Putin’s announcement came amid concerns from Russian and international scientists that the vaccine was rushed for release ahead of the completion of Phase-3 clinical trials, which consist of testing the vaccine for safety and efficiency in thousands of people.
According to AP, Russia began testing its new vaccine in June on 76 volunteers.
Putin told cabinet members that one of his two daughters took part in the experiments with the vaccine and that she had developed “a high number of antibodies” and was feeling well after receiving two shots of the vaccine.
On the first day of the inoculation, Putin said his daughter had a fever of 38ºC which dropped to 37ºC on the following day. He said her temperature shot up slightly again after the second shot before going back to normal.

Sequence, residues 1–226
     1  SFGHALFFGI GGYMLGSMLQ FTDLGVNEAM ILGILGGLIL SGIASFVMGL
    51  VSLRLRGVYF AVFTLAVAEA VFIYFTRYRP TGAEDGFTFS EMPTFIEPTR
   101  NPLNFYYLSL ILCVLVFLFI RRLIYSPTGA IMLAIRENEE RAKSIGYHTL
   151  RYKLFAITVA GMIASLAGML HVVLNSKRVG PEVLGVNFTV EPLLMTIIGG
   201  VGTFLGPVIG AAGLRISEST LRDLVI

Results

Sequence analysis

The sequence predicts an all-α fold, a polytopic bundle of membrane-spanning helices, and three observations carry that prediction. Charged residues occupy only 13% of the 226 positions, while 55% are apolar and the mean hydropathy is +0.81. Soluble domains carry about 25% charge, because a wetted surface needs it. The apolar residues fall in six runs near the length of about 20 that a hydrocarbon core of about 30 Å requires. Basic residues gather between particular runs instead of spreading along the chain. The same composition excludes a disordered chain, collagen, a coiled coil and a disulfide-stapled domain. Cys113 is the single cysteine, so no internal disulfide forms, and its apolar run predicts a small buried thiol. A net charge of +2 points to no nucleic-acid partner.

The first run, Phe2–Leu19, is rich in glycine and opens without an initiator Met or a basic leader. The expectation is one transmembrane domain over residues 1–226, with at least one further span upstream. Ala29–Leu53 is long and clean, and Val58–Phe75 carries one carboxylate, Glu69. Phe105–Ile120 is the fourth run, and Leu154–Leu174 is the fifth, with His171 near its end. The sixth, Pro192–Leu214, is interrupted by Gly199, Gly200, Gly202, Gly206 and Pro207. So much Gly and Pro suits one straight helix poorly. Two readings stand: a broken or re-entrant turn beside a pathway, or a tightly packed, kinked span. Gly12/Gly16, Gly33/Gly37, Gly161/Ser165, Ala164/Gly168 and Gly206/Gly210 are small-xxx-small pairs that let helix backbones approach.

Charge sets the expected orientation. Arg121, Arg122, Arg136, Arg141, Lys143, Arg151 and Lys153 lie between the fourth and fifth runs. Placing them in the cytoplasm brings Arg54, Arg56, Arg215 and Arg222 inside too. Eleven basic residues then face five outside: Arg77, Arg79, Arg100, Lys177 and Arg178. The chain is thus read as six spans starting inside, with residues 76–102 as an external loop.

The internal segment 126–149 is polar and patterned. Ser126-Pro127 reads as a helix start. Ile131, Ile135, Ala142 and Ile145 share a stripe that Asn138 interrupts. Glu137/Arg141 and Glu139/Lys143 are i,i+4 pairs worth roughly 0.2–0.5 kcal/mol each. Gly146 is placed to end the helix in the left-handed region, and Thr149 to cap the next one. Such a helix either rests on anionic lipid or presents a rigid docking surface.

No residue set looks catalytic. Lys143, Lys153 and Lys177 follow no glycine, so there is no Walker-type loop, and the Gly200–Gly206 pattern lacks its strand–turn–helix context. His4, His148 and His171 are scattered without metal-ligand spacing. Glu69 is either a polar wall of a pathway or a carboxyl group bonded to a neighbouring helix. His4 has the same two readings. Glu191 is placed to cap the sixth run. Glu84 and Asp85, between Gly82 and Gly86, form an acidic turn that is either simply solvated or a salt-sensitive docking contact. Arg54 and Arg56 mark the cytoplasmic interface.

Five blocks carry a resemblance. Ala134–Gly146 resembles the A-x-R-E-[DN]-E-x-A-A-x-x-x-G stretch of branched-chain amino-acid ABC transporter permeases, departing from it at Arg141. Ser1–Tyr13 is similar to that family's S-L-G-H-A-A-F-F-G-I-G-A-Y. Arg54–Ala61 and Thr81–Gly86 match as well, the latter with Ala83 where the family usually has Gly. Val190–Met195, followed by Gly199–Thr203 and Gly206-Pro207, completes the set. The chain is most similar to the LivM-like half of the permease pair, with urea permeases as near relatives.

The vaccine has been developed by the Gamaleya Institute of Epidemiology and Microbiology in Moscow, and Russian officials have said that they are aiming to begin mass-producing the vaccine as early as September.
Health workers, teachers and at-risk populations are set to be the first groups to receive the new vaccine, Russia health authorities said, with official news agency RIU reporting that mass vaccination campaigns could begin as early as October.
Russia’s announcement on Tuesday comes as the World Health Organisation (WHO) tracks a total of 26 trials for the development of a vaccine against the novel coronavirus.
It also upsets predictions by several international health experts who said a safe and viable vaccine against the new coronavirus would be available in 2021 at the earliest.